Objective: The difference in histologic patterns of lung cancer between men and women in Taiwan may be associated with the heterogeneity in causal factors of lung cancer between the sexes. A sex- and age-matched case-control study was designed to investigate such a relationship.
Methods: Cases consisted of 236 male and 291 female incident cases with newly diagnosed and histologically confirmed primary carcinoma of the lung, and were compared to one or two individually matched controls.
Results: Cigarette smoking, occupations, and previous tuberculosis history were found to independently correlate with an elevated risk of squamous/small cell carcinoma and adenocarcinoma for male patients. However, there was little difference in the effect of these risk factors except smoking. The use of fume extractors in the kitchen, and the habit of waiting to fry after the fumes were emitted, separately explained the majority of the attributable fraction of female squamous/small cell carcinoma (28.2%) and adenocarcinoma (47.7%). With the exception of a kitchen with fume extractors and a clinical history of tuberculosis, the environmental causal factors of lung cancer were heterogeneous between these two histologic cell groups.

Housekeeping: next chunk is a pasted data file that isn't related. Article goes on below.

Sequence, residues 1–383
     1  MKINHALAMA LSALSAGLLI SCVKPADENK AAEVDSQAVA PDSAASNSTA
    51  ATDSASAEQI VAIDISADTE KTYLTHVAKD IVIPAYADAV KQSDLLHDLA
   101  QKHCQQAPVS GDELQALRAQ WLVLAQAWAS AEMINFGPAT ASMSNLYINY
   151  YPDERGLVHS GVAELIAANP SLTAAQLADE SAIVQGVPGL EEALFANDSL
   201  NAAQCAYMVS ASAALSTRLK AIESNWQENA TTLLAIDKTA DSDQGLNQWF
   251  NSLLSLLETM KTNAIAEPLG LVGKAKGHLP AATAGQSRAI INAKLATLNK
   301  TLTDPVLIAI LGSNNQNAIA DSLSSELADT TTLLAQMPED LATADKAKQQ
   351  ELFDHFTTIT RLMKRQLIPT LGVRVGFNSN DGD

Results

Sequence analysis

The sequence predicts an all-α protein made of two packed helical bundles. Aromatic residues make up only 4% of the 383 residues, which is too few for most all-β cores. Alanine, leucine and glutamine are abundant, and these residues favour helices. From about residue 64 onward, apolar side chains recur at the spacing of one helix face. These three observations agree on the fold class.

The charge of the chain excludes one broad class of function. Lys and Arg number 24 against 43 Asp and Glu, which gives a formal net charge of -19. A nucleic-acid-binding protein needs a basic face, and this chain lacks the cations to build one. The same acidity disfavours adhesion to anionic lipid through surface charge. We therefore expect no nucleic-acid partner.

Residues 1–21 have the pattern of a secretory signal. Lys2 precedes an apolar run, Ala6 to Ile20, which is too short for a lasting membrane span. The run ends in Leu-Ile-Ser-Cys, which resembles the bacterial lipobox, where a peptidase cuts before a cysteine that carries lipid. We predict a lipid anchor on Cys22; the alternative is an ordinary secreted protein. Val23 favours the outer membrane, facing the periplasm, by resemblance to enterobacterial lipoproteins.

Conclusions: Our results suggested that the causal factors of lung cancer might be specific for the type of tumor concerned. The gender-specific risk factors of lung cancer could partly explain the difference in cell-type distribution between men and women.